A mass trial of critics and opponents of Cambodia’s government charged with treason for their non-violent political activities has resumed amid an ongoing crackdown on dissent.
Only six of 44 defendants summoned by the Phnom Penh Municipal Court turned up at Tuesday’s session, said defence lawyer Sam Sokong.
The trial had been suspended for more than a year due to coronavirus restrictions.
In Phnom Penh, Cambodian-American lawyer Theary Seng, who lives on the outskirts of the capital city and is one of the most outspoken critics of Prime Minister Hun Sen, made a show of defiance when she attended the reopened trial.
Theary Seng arrived wearing the costume of a Cambodian classical Apsara dancer. She held lotus flowers as she walked slowly and quietly in front of the courthouse, followed by a throng of journalists.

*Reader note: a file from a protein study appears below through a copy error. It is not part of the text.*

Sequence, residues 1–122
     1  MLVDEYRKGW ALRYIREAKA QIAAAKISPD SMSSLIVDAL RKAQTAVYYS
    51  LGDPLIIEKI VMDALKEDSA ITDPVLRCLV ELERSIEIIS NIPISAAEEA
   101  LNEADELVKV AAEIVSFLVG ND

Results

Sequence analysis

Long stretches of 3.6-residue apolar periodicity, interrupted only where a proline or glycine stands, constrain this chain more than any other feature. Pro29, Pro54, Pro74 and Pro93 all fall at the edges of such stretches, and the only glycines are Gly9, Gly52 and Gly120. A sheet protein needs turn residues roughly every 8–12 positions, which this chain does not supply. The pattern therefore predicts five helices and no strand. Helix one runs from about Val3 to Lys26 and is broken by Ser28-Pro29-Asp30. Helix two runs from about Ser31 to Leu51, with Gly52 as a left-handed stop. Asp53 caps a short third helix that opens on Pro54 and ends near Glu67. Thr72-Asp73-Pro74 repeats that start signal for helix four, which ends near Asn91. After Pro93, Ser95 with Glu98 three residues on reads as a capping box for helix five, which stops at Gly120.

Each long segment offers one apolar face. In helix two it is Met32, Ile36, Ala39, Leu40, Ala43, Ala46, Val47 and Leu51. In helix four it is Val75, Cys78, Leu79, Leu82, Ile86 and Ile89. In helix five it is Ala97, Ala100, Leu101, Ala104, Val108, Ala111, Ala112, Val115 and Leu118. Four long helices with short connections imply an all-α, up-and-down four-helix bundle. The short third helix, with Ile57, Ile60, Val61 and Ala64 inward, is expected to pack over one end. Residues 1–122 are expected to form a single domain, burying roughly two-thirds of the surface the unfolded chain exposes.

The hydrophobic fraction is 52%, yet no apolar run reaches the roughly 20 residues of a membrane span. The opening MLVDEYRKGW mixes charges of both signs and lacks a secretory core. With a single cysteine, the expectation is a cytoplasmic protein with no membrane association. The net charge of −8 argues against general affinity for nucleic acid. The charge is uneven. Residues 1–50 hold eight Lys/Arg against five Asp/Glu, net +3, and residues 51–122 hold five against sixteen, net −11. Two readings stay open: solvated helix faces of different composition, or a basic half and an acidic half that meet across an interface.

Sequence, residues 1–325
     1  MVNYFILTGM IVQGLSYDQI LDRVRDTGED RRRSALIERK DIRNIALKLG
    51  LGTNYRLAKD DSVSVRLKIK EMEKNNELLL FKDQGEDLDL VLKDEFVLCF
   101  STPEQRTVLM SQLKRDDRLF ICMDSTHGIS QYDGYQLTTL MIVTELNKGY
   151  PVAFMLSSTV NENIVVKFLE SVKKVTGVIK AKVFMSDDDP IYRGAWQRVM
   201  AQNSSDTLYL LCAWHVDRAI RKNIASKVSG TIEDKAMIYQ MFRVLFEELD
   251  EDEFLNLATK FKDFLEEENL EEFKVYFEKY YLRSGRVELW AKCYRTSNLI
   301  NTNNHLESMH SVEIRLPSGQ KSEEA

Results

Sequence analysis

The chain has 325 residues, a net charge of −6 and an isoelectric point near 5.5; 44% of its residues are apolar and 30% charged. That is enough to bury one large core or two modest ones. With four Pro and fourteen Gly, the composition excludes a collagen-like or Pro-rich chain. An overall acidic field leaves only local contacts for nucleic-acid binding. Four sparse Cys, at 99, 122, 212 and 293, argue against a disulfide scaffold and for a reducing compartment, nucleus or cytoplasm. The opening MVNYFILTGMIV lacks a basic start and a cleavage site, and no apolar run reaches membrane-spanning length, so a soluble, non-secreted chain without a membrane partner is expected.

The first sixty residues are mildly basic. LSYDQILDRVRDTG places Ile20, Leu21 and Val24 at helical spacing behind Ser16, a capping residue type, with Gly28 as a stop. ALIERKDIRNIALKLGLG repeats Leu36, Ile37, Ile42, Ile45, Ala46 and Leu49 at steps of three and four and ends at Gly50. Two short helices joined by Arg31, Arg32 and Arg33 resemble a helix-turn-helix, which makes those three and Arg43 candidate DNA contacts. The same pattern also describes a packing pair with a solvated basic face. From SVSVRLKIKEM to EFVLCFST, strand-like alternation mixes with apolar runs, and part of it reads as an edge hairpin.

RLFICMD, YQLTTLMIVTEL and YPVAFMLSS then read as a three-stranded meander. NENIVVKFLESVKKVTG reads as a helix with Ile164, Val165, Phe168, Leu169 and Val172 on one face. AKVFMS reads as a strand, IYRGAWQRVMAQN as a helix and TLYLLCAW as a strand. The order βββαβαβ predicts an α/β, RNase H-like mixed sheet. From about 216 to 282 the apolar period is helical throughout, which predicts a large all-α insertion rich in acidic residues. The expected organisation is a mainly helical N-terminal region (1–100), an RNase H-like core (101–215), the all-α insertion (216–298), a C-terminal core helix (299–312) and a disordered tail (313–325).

“This is political theatre and unlike the other actors I have my own role; I write my own role,” Theary Seng told reporters.
She said her traditional outfit cast her as a “wounded Apsara” dancer that could represent “the Cambodian population suffering under this autocratic regime”.
Theary Seng says she has no political party affiliation, but most of those summoned are supporters of the disbanded Cambodia National Rescue Party.
Its self-exiled head and co-founder Sam Rainsy was one of the no-shows at the resumed trial, while other absentees lived in the remote countryside and were unaware of the court date, Sam Sokong said.Almost all of the defendants have been charged with conspiracy to commit treason and incitement to commit a felony, which together carry a maximum penalty of 12 years in prison, according to lawyers and rights activists.
Most of the defendants are accused of being involved with organising a failed trip home by Sam Rainsy that authorities blocked in November 2019. — AP